follows: Baltimore 19.6 per cent, Washington 18.5 per
cent, and Richmond 11.3 per cent.

Commercial Failures
The month of November 1932 witnessed 147 insol­
vencies in the Fifth reserve district, with aggregate
liabilities totaling $4,250,000, compared with 139 in­
solvencies and liabilities totaling $2,570,911 in Novem­
ber 1931, and only 119 failures and $1,933,670 in lia­
bilities in October 1932. The district therefore shows
an increase of 5.8 per cent in the number of failures
and a rise of 65.3 per cent in liabilities involved in
November 1932 in comparison with November 1931.
On the other hand, there were 2,073 failures in the
United States in November, with liabilities totaling
$53,621,127, compared with 2,195 failures and $60,659,612 in liabilities in November last year, decreases
last month of 5.6 per cent in number of insolvencies
and of 11.6 per cent in aggregate liabilities. In the
United States, seven of the twelve reserve districts
reported fewer failures in November 1932 than in
November 1931, and six of the twelve districts re­
ported lower aggregate liabilities.

Employment
Weather in late November and the first half of De­
cember was unfavorable for outside work, and there
was some seasonal increase in unemployment. To
counteract this increase, a number of localities are un­
dertaking emergency work, partly by the use of funds
borrowed from the Reconstruction Finance Corpora­
tion. City governments are making part time work
for unemployed heads of families, having parks clean­
ed and planted, trees set out, streets and alleys cleaned
more frequently, etc. Textile employees continue fair­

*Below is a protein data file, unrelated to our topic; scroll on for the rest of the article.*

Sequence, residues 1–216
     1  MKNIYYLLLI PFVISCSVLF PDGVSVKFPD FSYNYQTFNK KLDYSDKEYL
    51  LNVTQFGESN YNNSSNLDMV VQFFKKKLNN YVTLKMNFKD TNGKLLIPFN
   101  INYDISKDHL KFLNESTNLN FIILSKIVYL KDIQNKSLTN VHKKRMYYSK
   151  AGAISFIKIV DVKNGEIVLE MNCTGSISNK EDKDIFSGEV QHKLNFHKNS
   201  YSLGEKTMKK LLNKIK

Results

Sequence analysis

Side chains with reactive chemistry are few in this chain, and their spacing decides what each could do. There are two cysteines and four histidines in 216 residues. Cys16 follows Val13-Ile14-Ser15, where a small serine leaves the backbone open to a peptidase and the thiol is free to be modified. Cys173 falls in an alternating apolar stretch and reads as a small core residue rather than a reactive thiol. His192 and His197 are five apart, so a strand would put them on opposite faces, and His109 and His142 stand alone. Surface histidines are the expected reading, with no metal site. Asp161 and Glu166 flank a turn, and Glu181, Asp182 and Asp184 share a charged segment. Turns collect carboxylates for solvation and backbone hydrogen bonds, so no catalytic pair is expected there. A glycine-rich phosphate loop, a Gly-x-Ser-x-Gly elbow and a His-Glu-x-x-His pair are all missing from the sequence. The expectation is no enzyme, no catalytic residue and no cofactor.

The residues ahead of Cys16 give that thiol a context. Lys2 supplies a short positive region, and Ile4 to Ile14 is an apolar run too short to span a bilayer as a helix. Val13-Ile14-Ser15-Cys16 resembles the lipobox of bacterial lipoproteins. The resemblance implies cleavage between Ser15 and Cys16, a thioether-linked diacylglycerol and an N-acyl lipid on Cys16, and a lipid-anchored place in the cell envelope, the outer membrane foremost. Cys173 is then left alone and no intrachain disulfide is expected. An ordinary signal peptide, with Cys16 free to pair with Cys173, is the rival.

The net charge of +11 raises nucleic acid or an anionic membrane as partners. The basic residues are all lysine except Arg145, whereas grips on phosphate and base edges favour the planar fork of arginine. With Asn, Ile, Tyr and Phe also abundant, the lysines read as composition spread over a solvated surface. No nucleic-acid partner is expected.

ly well employed, and there has been some seasonal
increase in coal mining, but otherwise all recent in­
creases in work have been artificially stimulated as re­
lief measures, and are as a rule being paid for either
directly or indirectly from public funds. Calls for
relief from charitable agencies and public welfare de­
partments are heavier this winter than in any other
winter since the depression set in, but this does not
necessarily prove that more people are unemployed
than last winter. Part of the increased distress is un­
doubtedly due to the length of the depression, many

4

MONTHLY REVIEW

families with means to care for themselves for awhile j price had advanced to 5.66 cents, and on December 16,
the latest date for which figures are available, it was
now having exhausted their surplus funds.
5.80 cents. The advances noted on December 9 and 16
Coal Production
were unusual in view of the Department of Agricul­
Bituminous coal mined in the United States in No­ tures’ final estimate of cotton production for this year,
vember this year totaled 30,634,000 net tons, a decrease ! which increased the figure issued a month earlier by